THIRD SUNDAY OF EASTER
The readings from this reflection: Acts 5: 27-32, 40b-41; Psalm 30; Revelation 5: 11-14; John 21:1-19
Stop teaching in that NAME!”, says the High Priest and the Sanhedrin. Responding to the challenge, Simon, now known as Peter, said, “We must obey God not you!” The believing apostles and disciples did that very thing and chose to live as Jesus and taught in his name for the rest of their lives.
If we go back to the time of Jesus’ passion and death, we would not have seen a courageous Simon/ Peter, with his triple denial of relationship with Jesus. In the midst of adversity, his choice was distancing himself from the one whom he had earlier acknowledged as “the Christ, Son of the Living God.” Simon/Peter sank so low, that he felt and experienced no self-worth.
On this 3rd Sunday of Easter, we are given a redeeming vision by friend and disciple/evangelist, John. Yes, something has changed from the time of the passion and death of Jesus through the gift of the Resurrection of Jesus.
John, in his gospel, remembers the discouraged Peter deciding to return to his former way of life, “I am going fishing!” John and five others decided to go with him. That night, they caught nothing! Nothing! Nada! Zilch! These “professional fishermen” and “failed disciples of Jesus” must be thinking, “We even fail in what we were good at in supporting our families?” John recalls that Peter went back to his former way of life and nothing came of it.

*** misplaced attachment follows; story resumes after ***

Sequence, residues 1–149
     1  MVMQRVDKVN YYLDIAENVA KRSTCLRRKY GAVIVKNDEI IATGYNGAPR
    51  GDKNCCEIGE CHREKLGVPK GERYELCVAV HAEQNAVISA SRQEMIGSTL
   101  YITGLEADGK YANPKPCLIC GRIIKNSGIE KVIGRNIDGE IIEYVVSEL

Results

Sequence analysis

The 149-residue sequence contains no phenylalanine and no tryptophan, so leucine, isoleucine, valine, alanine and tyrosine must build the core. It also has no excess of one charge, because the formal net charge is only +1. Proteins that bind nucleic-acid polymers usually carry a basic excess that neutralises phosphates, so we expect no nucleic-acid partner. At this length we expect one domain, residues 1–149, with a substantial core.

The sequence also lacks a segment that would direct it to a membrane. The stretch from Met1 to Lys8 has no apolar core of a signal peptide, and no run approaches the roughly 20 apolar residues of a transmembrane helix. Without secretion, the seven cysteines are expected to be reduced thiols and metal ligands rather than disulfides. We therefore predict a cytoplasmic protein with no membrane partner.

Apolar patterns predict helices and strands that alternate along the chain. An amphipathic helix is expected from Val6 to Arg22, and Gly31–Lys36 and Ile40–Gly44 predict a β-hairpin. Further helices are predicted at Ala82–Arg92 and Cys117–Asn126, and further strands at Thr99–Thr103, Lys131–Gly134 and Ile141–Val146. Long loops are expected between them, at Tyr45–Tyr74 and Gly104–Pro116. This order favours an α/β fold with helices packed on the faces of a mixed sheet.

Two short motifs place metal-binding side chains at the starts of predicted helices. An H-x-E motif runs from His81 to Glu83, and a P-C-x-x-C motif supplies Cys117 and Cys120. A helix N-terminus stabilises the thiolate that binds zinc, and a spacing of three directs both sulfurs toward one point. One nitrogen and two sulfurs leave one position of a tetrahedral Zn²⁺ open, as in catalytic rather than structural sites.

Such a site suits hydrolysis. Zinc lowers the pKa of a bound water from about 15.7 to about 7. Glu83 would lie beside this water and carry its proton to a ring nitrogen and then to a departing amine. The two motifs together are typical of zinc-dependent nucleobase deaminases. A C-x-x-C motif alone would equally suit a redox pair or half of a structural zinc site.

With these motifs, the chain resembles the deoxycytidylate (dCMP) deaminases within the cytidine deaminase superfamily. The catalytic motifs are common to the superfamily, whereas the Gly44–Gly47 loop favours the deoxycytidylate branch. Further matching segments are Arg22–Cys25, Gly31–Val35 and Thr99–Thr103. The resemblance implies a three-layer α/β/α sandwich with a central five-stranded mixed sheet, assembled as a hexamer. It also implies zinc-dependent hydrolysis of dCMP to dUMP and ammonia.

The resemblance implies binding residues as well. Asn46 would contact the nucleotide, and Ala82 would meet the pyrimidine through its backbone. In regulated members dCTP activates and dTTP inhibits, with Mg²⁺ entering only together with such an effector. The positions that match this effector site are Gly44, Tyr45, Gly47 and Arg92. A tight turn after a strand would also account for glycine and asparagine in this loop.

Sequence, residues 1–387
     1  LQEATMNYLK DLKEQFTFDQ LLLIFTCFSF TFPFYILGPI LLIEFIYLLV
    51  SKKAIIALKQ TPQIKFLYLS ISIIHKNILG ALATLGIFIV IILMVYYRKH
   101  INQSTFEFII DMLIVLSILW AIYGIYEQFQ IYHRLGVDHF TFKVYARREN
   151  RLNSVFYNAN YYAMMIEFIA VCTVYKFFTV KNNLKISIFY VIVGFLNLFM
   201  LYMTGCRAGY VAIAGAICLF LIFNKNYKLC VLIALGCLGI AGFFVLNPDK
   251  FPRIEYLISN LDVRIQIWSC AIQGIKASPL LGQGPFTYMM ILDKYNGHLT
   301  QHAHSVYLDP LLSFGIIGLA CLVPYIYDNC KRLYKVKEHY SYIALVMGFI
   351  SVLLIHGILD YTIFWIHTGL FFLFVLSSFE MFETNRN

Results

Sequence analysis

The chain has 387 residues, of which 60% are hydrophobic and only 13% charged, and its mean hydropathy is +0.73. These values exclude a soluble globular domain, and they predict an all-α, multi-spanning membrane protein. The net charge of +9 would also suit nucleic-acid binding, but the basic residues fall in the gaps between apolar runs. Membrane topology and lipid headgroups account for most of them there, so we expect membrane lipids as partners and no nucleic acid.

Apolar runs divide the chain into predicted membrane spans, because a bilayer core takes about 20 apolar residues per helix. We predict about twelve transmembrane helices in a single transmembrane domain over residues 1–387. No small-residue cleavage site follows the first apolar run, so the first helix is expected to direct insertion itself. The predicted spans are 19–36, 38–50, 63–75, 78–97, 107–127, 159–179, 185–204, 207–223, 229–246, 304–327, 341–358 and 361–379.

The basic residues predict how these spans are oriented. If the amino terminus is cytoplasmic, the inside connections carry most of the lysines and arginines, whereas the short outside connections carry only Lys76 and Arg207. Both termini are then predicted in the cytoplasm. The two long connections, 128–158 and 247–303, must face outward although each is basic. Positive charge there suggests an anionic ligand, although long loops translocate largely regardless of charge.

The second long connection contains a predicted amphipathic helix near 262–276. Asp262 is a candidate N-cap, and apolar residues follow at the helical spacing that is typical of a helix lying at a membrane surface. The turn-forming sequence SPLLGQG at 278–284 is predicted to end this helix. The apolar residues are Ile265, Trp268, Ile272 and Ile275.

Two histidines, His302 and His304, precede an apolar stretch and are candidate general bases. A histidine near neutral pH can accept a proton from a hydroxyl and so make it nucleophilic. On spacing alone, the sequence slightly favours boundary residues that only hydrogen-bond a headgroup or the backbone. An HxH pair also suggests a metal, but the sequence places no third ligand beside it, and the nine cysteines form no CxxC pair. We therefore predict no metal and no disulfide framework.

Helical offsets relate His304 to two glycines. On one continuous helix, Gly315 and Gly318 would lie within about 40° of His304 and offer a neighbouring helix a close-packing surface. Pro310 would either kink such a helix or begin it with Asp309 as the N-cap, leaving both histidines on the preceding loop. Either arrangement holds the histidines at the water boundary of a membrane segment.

But then, John remembers dawn came, you know ‘daylight,’ and there is a man on the shoreline cooking something. John remembers that he himself recognized that it was Jesus and said it out loud, “It is the Lord!” Peter got excited and ‘jumped in the lake’…okay, in the Sea of Tiberias.
This jump is a “self-baptism” for Peter … a ‘new found commitment’ to Jesus. As he and eventually the others get to Jesus, they find he has some fish and some bread on his grill. Can you imagine: Jesus has a special recipe? It was a recipe of communion that includes forgiveness and reconciliation—TOTAL forgiveness and TOTAL reconciliation! John remembers Jesus directing them to cast their net to the other side and WOW! …. 153 large fish. Message: When we live by Jesus’ words, our lives become “full to the breaking point”! When we offer forgiveness and reconciliation, the forgiven experience their lives “full to the breaking point.”
John’s redeeming vision tells us that Peter’s earlier words of denial are never to be the final words! The dialogue between Jesus and the words of Peter are for all of us called to be faithful believers. “Do you love me?” … then “Feed my lambs, tend to them, protect them.”
Challenging decisions and choices are a part of life in our world. Do we need to ‘jump in’ and bring others with us to Jesus? Jesus has something (a special recipe) for us to share. He offers communion and says his communion is for you, and it is also for our brothers and sisters: We don’t stop at ourselves! “Do you love me? …Then feed my lambs, tend to them, protect them with the divine loving and caring given to you for them.
Fr. Mark Binder is a retired priest of the Diocese of Springfield-Cape Girardeau.